The scoop on vegan cheez

Local, nutty and fermented cheese alternatives

Illustration by Kathleen Bergen

“Nut cheese” isn’t what it sounds like. Created by fermenting a blend of nuts, grains and spices, the product is a homemade alternative to store-bought vegan cheese.

“It’s hard to come up with a name that really communicates what it is,” Natalie Elizabeth, co-founder of Edible Alchemy, admits.

Similar dairy-free or vegan imitations are usually referred to as cheez and are great for vegans looking to satisfy a craving. The alternative spelling stems from labelling legalities (according to the Canadian Food Inspection Agency, “cheese” must come from a lactating animal).

“I think vegans are drawn to the flavour of animal products they no longer consume, so it’s kind of a marketing point,” Elizabeth says.

Cheez can be made from a variety of bases that create a gooey simulacrum of the real deal. While Elizabeth swears by the creaminess of cashews, the popular brand Daiya uses tapioca starch as their main ingredient.

However, the nutritional value in soy- and tapioca-based cheez is questionable.

“I think it’s more about satisfying a craving than for nutrition,” Alison Burdeny, a former member of the vegan collective Mondragon, explains.

Creating a cheese-like product is an art of taste testing and blending ingredients.

“There’s all kinds of things you can use to simulate different flavours of cheese: miso, nutritional yeast, paprika, toasted sesame seeds, turmeric,” Elizabeth says.

The most important part of the process is fermentation.

“You create a chemical reaction that changes the texture and makes everything more creamy and tangy over time,” Elizabeth says. The enzymes also break down the ingredients, so they are easier to digest.

Elizabeth recommends the use of rejuvelac, a substance created from sprouting grains, to create the ideal acidic conditions. “Being umami, it adds a good seasoning as well,” she says.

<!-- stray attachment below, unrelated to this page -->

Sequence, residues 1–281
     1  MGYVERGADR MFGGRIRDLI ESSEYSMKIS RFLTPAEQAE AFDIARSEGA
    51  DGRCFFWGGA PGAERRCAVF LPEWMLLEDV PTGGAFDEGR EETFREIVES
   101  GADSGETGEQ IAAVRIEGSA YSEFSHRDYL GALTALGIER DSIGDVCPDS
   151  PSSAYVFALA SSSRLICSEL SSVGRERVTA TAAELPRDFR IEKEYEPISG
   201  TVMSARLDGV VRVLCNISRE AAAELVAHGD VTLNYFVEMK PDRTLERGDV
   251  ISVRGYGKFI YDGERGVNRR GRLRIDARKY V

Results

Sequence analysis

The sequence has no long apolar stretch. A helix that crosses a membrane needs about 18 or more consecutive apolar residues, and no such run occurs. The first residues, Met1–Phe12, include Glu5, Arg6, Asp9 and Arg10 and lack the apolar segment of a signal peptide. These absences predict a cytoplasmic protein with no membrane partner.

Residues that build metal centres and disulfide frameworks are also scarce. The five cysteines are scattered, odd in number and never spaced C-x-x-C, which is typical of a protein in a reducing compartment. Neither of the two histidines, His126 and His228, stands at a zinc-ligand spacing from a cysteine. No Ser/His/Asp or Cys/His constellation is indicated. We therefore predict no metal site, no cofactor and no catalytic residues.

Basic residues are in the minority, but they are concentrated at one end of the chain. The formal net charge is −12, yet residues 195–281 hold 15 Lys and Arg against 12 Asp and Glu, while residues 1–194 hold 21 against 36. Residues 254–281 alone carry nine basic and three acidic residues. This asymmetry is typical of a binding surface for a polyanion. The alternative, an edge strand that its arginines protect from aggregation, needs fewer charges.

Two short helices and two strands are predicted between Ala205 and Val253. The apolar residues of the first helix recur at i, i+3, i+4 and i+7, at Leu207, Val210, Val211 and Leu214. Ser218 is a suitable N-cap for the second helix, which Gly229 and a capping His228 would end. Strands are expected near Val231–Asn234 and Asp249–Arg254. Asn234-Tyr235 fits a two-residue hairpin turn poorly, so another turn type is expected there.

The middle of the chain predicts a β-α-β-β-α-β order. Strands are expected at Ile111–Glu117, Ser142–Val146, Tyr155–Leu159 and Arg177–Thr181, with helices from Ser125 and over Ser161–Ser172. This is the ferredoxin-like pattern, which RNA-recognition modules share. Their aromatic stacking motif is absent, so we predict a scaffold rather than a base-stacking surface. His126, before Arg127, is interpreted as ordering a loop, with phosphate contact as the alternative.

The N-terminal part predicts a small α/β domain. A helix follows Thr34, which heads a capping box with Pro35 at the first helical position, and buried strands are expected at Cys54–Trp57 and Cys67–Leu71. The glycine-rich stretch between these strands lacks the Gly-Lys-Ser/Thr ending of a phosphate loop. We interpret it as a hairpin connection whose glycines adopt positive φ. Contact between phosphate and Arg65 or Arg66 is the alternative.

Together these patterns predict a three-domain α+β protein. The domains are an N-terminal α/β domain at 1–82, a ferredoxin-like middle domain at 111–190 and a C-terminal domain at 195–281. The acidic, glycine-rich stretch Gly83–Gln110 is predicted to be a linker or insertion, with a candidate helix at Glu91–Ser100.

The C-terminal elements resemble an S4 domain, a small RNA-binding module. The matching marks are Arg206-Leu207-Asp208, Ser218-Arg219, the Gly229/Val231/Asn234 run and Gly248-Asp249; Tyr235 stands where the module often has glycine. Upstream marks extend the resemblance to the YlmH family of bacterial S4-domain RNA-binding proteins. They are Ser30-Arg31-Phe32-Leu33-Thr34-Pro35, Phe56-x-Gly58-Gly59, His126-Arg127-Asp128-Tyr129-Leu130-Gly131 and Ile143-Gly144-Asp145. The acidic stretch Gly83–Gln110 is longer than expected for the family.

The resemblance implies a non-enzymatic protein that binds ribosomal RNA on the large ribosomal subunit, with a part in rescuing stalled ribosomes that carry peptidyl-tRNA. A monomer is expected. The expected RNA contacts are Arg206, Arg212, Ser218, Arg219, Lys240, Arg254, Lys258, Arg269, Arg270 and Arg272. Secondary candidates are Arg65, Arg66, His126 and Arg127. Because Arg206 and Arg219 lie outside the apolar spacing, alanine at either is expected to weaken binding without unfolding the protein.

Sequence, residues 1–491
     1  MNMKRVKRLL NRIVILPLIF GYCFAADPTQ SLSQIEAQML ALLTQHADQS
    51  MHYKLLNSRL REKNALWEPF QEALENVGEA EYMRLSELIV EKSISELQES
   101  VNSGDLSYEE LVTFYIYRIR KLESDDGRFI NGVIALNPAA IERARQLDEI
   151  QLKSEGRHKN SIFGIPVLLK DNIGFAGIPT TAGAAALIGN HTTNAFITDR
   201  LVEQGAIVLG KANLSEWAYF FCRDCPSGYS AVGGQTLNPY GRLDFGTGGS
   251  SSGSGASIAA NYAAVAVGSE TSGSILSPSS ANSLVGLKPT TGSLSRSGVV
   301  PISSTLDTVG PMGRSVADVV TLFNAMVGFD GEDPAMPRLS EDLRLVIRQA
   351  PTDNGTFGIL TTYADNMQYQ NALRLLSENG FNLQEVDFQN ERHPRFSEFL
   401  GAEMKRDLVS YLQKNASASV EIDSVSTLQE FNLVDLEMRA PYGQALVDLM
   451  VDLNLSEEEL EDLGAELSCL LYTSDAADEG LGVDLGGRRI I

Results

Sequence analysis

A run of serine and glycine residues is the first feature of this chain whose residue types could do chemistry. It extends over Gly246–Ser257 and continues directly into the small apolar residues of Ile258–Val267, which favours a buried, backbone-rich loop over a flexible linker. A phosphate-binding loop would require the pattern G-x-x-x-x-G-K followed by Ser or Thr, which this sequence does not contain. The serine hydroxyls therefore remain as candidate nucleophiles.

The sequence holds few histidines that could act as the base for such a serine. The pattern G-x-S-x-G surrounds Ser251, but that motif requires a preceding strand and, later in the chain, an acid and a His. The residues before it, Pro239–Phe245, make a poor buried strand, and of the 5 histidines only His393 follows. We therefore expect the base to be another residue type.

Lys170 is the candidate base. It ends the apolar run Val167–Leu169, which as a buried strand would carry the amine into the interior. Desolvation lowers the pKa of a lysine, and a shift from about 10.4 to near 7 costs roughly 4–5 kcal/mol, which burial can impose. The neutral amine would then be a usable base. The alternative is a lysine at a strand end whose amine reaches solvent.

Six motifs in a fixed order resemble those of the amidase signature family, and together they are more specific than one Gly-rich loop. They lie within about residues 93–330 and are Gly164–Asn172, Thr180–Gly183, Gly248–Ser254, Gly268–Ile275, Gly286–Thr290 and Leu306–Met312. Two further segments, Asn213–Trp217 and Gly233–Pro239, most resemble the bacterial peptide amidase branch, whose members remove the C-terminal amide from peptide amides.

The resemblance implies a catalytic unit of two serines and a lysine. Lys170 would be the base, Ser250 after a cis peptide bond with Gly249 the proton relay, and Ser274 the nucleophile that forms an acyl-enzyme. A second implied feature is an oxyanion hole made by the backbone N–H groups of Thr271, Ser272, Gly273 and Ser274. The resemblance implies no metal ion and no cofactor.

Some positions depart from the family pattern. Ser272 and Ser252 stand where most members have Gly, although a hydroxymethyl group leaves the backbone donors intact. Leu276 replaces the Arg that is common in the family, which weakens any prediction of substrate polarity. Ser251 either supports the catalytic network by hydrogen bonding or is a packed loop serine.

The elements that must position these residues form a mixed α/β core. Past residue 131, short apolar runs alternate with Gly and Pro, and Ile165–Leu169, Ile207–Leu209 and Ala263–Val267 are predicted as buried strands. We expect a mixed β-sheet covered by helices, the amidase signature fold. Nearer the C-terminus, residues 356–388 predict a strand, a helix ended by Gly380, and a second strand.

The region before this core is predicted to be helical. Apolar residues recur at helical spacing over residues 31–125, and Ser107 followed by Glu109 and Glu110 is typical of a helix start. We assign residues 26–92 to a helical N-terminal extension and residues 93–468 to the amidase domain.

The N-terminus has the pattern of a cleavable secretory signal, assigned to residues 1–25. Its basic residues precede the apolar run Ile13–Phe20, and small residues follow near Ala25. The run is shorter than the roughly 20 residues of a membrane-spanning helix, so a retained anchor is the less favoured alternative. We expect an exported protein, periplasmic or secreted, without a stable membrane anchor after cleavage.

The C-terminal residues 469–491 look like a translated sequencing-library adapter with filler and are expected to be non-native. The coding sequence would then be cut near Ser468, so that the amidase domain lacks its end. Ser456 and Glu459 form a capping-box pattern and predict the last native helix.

Edible Alchemy is also concerned with food waste and local sourcing.

“I try to get my ingredients locally, if possible,” Elizabeth says. Any sprouted seeds leftover from making rejuvelac is blended and added to the cheez.

They also use things that are low-cost and shelf stable.

“I like to use pumpkin and sunflower seeds, then combine that with local grains, such as buckwheat,” Elizabeth says.

Mass-produced brands like Daiya offer a certain amount of convenience that isn’t there with homemade cheez.

“Having pre-made products is less effort and gives vegans the luxury of not having to cook everything from scratch,” Burdeny explains.

But buying alternatives at the store can be expensive.

“It isn’t very socially reinforced in Winnipeg,” Burdeny says. Elizabeth agrees that it is worth taking the time to make the nut cheez to save on money and gain additional nutrients.

People have tried to come up with other names to describe the product, including cultured cheese, cultured spread and cheese alternative.

“I think the term ‘cheese alternative’ is a bit dismissive, since it implies that our product is secondary to dairy cheese,” Elizabeth says.

Nut cheez is fermented, making it similar to the real deal. Elizabeth believes that nut cheezes may not yet be mass produced, because fermentation contradicts a lot of ideas people have about germs.

“Fermentation is pretty absent from people’s lives,” she says.

The recipe for nut cheez can be found at

Published in Volume 72, Number 2 of The Uniter (September 14, 2017)

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